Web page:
Poor Prior Planning Produces Poor Performance

At around the same time CMS lowered the boom, OPWDD Commissioner Courtney Burke, the new leader with the vision and courage to really change the system, left. She is now Cuomo's Deputy Secretary for Health, responsible for overseeing the state's entire Medicaid "reform" process. That is likely a good thing. But she was gone for several weeks before it was publicly announced, and that kind of stuff rarely bodes well.

For whatever reason, the people she left behind responded to CMS's demands not in a calm, organized way, but by issuing frantic memos demanding wholesale change to the service system without first figuring out, step-by-step, what they were going to do. As a result, OPWDD employees were told to stop doing business as usual and do things the "front door" way without having even been trained on what that is. If we didn't get the story from people at the agency whom we trust, we would have thought it was an excuse for foot-dragging and sabotage by people who don't like these changes. But it's not. That's actually what happened.

So then they trained some staff, but kept changing what they told them. And they began doing public trainings for consumers and their families.

In August we hosted one of those trainings. Some of it was good. The message that self-direction is good and people should go for it was well-presented. The videos are excellent. Other things—not so much. We aren't blaming the presenter. We know the presentation was canned, passed down from above. But if this is going to work, then there are things that have to be fixed.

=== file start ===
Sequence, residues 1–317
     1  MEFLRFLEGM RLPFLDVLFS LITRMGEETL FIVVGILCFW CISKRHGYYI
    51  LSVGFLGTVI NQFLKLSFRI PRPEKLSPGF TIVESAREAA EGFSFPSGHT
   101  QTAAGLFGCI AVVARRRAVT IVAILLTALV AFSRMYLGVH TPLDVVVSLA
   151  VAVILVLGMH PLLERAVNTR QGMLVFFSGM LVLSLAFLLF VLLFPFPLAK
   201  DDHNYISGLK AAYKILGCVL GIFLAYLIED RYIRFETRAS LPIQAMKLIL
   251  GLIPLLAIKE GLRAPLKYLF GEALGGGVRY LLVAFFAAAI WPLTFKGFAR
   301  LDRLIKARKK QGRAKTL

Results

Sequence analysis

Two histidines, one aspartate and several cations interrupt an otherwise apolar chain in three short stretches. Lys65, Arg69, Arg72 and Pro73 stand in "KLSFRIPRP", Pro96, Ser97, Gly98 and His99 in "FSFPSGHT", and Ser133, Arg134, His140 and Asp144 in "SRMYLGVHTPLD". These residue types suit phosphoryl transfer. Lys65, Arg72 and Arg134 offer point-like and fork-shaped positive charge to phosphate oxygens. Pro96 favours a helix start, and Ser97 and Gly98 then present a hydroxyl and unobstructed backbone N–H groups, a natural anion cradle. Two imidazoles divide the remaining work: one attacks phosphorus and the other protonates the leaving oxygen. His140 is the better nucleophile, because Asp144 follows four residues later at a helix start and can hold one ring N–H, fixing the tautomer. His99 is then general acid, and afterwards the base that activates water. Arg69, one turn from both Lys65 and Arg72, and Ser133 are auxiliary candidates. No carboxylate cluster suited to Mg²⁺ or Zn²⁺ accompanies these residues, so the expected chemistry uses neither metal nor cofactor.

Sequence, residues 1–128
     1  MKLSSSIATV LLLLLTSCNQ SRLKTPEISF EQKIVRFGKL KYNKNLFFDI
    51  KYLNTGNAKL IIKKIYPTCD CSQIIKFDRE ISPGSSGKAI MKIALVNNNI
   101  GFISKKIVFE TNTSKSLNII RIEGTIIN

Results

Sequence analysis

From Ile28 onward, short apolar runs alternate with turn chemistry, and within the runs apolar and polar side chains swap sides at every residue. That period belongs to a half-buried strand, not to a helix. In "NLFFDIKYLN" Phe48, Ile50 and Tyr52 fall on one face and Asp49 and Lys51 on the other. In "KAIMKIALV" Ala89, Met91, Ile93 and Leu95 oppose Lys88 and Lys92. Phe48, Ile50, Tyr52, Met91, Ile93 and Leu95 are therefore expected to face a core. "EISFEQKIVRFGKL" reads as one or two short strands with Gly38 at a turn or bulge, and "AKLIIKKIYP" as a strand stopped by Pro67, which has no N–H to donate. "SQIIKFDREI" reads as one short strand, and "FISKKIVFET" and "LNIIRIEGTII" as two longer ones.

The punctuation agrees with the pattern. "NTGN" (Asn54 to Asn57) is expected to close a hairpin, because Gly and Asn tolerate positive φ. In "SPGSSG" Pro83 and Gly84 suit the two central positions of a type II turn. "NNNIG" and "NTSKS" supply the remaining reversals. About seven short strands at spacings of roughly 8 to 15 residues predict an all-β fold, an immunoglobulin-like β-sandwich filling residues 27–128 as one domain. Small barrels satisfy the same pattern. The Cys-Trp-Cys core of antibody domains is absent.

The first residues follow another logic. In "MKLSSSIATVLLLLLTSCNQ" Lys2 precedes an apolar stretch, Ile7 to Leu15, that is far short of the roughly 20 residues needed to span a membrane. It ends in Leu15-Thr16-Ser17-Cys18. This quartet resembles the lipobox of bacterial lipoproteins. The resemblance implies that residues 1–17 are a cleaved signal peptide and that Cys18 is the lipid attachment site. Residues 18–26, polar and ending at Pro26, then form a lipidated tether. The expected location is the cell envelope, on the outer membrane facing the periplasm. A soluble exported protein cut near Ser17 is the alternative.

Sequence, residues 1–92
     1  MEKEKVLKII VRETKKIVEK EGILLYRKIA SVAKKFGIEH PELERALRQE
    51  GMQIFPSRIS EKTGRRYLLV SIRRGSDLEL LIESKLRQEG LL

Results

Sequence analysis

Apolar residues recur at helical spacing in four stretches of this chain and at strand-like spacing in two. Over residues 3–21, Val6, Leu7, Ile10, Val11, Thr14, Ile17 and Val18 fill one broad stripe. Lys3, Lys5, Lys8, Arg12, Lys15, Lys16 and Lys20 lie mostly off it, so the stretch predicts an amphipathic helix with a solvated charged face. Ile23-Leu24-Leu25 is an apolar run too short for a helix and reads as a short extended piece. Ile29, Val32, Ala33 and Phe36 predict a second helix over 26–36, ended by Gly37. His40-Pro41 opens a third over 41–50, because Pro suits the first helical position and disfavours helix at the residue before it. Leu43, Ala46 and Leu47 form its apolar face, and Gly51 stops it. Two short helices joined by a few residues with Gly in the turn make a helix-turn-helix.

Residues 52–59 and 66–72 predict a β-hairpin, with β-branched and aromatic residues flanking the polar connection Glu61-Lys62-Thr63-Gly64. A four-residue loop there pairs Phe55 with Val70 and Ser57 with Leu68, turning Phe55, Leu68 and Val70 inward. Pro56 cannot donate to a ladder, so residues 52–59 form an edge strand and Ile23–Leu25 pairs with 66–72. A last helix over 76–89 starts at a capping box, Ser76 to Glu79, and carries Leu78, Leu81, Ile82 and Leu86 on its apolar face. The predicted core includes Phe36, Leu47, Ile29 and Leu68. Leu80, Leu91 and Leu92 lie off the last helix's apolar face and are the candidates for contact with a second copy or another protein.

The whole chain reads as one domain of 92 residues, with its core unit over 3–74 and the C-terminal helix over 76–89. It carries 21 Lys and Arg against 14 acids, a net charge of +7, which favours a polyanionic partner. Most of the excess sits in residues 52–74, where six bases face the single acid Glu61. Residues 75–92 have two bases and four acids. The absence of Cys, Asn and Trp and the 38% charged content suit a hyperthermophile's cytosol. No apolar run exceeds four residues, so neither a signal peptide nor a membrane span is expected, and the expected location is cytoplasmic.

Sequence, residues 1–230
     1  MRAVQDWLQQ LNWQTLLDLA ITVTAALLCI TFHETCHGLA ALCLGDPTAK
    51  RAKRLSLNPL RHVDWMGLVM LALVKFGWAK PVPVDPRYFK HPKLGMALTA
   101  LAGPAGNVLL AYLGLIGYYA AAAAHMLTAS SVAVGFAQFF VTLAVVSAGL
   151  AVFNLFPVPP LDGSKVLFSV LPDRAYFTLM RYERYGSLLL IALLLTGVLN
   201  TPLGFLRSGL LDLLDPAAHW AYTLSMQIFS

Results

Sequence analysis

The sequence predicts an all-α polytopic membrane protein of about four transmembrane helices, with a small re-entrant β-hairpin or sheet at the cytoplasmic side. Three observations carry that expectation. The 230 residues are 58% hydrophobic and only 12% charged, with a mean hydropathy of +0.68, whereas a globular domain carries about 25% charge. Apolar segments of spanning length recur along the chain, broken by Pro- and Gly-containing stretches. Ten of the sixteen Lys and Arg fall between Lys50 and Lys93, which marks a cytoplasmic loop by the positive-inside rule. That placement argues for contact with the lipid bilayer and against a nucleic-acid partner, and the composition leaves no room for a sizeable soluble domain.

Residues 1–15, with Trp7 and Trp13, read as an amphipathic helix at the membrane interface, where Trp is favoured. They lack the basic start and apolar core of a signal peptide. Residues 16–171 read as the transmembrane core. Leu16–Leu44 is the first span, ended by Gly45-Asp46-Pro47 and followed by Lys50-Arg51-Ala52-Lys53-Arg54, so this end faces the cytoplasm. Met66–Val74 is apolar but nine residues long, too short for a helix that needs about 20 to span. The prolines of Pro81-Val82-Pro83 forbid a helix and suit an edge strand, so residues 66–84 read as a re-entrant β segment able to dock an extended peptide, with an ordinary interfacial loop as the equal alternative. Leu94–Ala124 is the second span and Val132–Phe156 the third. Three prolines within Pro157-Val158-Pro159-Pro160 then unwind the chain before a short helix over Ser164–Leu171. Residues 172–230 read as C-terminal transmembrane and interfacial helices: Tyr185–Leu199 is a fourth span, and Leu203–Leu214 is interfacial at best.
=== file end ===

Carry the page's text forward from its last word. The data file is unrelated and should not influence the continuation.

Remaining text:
Maybe the biggest problem is that all we've got for self-direction is CSS. OPWDD has to realize that it can't meet its self-direction goals if it doesn't make that program much simpler and more flexible. Such changes were hinted at as part of the People First Waiver planning process, but the agency hasn't committed to anything. It needs to fix this sooner rather than later.

It sounded like they tried to make the language of the presentation simple to understand, but they didn't really succeed. There is still too much service-agency jargon, and some of it just sounds condescending. The text needs to be edited by an experienced adult-education writer.

The presentation is too long. It needs to focus on the things that are most important to people who are seeking pretty-near immediate help. They should drop the history of OPWDD as well; frankly, nobody cares.

The issue of eligibility is harder to deal with. That's because the definition of "developmental disability" is really complicated, and so are the Medicaid hoops people have to jump through. People do need to understand why they get denied services and what they can do about it, but this part needs some polishing.